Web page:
Undoubtedly, sajdah is a position with a symbolic meaning— humans bow down and prostrate before Allah alone, nobody and nothing else—and high spiritual value. To be sure, there is a physiological dimension to sajdah among its other rich connotations. From the anatomy viewpoint, by performing the sajdah the human places his humanness on the ground before Allah.

To illustrate this point, let’s provide an example from early 20th century: A train in motion set a stone flying, which severely damaged a worker’s frontal cortex. The worker lost any physical ability to perform bodily functions and lived the rest of his life as an immobile and dysfunctional biologic being. Placing the very symbol of our humanness before Allah in a sajdah is the symbol of acknowledgement that we are indebted to Allah with our entire bodily and spiritual being.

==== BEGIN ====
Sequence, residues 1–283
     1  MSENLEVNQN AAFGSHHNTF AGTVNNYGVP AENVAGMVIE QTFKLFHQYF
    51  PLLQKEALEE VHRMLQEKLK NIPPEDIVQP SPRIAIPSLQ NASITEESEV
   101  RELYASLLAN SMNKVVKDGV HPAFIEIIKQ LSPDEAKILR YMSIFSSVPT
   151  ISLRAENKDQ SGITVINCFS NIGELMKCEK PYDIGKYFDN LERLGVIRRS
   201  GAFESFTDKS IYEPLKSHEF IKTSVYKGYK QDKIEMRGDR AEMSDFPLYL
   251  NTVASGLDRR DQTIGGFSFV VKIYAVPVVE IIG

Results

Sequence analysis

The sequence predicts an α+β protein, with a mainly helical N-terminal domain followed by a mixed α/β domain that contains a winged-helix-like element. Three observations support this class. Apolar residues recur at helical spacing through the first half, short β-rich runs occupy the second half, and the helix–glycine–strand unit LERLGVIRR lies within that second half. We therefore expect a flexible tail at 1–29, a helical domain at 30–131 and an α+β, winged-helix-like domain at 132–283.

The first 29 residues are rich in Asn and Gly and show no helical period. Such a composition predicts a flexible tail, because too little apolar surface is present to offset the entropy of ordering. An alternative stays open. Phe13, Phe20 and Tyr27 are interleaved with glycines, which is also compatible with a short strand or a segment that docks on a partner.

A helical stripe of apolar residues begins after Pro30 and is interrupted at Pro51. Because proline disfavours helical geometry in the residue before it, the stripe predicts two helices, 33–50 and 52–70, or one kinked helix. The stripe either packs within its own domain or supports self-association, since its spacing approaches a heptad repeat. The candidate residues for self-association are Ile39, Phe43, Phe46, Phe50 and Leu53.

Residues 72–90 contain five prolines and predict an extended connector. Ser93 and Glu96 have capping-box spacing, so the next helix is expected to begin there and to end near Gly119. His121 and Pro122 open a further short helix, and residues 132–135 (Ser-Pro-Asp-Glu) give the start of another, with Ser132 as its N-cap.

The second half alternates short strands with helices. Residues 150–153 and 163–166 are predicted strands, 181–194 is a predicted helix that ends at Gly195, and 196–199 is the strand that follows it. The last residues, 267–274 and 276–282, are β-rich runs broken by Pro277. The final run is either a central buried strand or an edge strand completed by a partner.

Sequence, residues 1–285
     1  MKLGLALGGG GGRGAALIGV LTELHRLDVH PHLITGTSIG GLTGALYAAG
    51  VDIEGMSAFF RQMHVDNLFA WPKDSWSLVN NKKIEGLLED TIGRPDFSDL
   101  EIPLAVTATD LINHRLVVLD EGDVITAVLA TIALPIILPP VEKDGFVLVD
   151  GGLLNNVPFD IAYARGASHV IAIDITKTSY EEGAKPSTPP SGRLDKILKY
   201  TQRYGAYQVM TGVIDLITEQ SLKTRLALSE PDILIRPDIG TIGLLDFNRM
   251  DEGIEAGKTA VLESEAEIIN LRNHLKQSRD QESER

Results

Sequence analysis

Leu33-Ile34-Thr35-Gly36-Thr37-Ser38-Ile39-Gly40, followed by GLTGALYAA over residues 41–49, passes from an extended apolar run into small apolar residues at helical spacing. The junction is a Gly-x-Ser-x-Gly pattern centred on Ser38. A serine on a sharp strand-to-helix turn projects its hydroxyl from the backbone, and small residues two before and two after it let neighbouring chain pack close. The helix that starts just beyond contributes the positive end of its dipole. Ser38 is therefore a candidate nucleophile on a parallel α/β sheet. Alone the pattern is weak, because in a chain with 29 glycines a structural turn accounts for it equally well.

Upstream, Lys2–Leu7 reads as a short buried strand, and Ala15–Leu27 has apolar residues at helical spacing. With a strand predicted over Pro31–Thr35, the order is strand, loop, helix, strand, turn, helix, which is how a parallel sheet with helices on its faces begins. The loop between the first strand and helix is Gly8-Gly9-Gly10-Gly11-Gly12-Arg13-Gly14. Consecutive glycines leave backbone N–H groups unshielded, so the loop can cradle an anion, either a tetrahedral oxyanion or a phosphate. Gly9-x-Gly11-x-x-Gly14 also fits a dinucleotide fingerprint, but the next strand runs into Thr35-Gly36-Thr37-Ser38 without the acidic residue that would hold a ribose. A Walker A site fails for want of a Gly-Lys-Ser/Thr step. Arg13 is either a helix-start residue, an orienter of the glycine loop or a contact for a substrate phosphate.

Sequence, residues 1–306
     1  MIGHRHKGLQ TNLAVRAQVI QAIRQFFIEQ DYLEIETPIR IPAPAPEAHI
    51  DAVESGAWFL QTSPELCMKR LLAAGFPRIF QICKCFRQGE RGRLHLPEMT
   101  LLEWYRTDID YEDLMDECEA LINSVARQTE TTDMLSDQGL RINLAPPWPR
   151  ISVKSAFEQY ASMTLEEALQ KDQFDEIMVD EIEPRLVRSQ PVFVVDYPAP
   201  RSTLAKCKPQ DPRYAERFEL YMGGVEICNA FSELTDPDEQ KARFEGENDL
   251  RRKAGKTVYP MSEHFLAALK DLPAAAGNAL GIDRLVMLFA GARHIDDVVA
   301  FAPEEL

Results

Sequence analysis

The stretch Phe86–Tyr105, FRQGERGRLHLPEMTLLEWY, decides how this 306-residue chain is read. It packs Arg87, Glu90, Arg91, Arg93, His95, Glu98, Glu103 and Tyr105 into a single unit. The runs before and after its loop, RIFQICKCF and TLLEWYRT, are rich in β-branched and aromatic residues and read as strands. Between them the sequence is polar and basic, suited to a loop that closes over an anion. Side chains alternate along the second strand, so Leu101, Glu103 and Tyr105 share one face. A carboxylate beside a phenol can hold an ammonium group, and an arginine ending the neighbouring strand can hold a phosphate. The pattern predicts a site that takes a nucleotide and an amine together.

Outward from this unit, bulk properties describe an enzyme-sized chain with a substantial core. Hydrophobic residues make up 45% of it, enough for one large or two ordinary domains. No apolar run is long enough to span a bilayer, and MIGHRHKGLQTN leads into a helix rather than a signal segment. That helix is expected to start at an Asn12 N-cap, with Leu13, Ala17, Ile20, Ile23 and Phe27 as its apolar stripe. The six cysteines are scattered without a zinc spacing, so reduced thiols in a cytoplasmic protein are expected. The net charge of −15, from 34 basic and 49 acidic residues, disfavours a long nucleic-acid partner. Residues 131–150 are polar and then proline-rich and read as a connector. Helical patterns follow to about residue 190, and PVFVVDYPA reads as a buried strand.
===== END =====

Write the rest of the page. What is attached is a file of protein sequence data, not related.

6. Sitting (qa’dah): Before one concludes salâh, he/she is to sit “before” their Lord, trembling on the inside under the awe and grandeur of their Lord (‘Ali`Imran 3:191). Sitting down normally symbolizes resting after finishing a journey. Qa’dah is a symbolical resting just before salâh is completed; it is a time for most intense supplication to ask from Allah.

Supplication is not only “a brain of worship” in general, but is also a brain of salâh in particular. Saying “Peace and blessings of Allah unto you” (as-salaam ‘alaykum wa rahmatullah) concludes salâh and symbolizes the end of spiritual journey. You wish peace to all creatures on your right and left, and thus notify them that you just completed a very intensive spiritual journey. Thus, salâh is the indication of your submission to the will and commands of Allah.